Image : Nom, Titre, Description
Selon le jury, « le théâtre de Daniel MacIvor – protéiforme, en perpétuelle métamorphose – se déroule sur la fine ligne entre présentation et représentation. Sa dramaturgie porte à la scène des états humains pour lesquels il n’existe pas de mot, explorant ce qui échappe aux catégorisations du langage. Préoccupé par l’exclusion, MacIvor, à travers ses pièces, donne voix à ceux dont la solitude permet d’appréhender le monde autrement. »
Daniel MacIvor est né au Cap-Breton, en Nouvelle-Écosse. Il a écrit près de 20 productions en une vingtaine d’années, dont 15 publications en son nom. Ses pièces comprennent des titres tels que See Bob Run, Wild Abandon, The Soldier Dreams, You Are Here, How It Works, His Greatness, ainsi que A Beautiful View, et, en collaboration avec Daniel Brooks, partenaire de longue date, il a créé les représentations solo House, Here Lies Henry, Monster et Cul-de-sac. Sa pièce Marion Bridge a été jouée en avant-première « Off-Broadway », à New York, en octobre 2005, alors qu’une autre de ses autres pièces, Never Swim Alone, a remporté le New York Fringe’s Overall Excellence Award de 1998. En 2002, il a remporté un prix GIAAD ainsi qu’un prix Village Voice Obie pour sa pièce In On It (PS 122). M. MacIvor est également récipiendaire de deux prix Chalmers pour une nouvelle pièce, et son collectif de cinq pièces intitulé I Still Love You a remporté le prix du Gouverneur général 2006 en écriture dramatique. M. MacIvor est également scénariste et réalisateur (House, Wilby Wonderful, Marion Bridge, Past Perfect, Whole New Thing), et de 1987 à 2007, il a été directeur artistique de la compagnie internationale de tournées théâtrales da da kamera. See Bob Run, Wild Abandon, The Soldier Dreams, You Are Here, How It Works, His Greatness, et A Beautiful View, and with long time collaborator Daniel Brooks he created the solo performances House, Here Lies Henry, Monster and Cul-de-sac. His play Marion Bridge received its Off-Broadway premiere in New York in October 2005, and his play Never Swim Alone won the 1998 New York Fringe’s Overall Excellence Award. In 2002 he won a GIAAD Award and a Village Voice Obie Award for his play In On It (PS 122). Mr. MacIvor also has two Chalmers New Play Awards to his credit, and his collection of five plays called I Still Love You won the 2006 Governor General’s Award for Drama. Mr. MacIvor is also a screenwriter and filmmaker (House, Wilby Wonderful, Marion Bridge, Past Perfect, Whole New Thing), and from 1987-2007 he was Artistic Director of the international theatre touring company da da kamera.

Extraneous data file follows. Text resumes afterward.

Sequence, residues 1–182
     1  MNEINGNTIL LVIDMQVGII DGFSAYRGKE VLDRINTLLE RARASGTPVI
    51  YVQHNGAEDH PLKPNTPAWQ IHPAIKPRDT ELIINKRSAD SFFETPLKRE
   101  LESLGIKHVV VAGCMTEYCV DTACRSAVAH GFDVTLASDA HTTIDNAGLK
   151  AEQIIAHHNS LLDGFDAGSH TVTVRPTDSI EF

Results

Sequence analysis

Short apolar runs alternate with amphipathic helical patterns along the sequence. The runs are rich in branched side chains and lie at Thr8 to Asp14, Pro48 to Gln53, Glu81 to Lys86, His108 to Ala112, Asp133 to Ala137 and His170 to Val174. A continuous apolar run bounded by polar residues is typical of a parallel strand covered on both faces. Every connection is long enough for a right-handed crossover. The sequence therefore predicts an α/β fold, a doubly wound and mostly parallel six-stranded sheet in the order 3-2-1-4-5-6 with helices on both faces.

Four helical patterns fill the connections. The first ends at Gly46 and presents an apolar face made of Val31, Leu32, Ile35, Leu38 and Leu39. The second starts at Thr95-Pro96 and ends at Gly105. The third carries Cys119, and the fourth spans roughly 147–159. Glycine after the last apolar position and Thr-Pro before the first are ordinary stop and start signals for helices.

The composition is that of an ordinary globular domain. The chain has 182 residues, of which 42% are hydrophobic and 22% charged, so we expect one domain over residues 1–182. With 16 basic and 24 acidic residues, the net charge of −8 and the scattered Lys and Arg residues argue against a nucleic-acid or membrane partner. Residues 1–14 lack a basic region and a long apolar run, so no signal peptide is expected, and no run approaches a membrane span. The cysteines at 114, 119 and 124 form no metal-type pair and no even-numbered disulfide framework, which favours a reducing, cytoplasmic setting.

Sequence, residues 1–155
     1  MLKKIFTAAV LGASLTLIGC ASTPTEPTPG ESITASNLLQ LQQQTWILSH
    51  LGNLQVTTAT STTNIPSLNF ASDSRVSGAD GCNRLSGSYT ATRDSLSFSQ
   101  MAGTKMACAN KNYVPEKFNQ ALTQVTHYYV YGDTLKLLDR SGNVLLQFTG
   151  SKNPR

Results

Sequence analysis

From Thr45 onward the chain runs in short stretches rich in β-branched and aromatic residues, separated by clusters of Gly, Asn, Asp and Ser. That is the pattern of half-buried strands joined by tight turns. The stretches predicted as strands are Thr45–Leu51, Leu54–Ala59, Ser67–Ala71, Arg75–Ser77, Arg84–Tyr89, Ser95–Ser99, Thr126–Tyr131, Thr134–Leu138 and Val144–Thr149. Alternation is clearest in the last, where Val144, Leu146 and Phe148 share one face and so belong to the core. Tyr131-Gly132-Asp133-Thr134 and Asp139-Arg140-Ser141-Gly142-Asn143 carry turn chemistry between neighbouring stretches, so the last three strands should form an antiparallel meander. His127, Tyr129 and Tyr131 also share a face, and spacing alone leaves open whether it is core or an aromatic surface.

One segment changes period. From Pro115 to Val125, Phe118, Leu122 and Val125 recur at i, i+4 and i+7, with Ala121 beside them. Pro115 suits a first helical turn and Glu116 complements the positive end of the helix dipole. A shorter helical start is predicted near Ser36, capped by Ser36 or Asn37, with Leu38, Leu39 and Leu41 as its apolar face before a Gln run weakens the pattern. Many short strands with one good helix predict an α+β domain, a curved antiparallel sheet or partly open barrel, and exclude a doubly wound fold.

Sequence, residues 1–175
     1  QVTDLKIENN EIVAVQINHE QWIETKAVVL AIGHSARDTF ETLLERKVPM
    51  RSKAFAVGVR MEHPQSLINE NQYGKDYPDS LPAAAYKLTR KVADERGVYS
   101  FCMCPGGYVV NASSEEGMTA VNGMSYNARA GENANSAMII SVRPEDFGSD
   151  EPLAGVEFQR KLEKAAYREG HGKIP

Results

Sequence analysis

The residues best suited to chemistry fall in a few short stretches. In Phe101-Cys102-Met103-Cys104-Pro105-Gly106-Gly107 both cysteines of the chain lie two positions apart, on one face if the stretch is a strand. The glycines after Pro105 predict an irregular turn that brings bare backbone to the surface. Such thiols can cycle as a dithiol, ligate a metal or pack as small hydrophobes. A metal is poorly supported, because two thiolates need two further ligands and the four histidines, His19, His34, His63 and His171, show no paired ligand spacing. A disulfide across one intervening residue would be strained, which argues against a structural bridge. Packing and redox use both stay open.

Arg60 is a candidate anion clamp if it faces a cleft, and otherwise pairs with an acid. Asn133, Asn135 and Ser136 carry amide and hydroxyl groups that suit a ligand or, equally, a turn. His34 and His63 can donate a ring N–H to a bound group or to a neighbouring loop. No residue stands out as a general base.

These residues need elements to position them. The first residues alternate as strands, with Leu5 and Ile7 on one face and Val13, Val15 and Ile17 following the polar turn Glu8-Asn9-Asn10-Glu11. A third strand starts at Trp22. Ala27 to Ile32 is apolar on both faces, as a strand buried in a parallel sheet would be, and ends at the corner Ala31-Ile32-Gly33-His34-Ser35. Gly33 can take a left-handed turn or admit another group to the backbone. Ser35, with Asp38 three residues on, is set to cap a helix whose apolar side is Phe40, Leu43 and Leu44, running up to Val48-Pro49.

When I was asked to speak to you tonight I was asked to talk about how transformative the Siminovitch Prize has been to my life and about how important this Prize is in this country at this time, about how crucial it is to keep this Prize going, and it was suggested that I might refer to us almost having lost the Prize and what a terrible thing that would have been. And then it was mentioned that it wouldn’t hurt if I could be funny.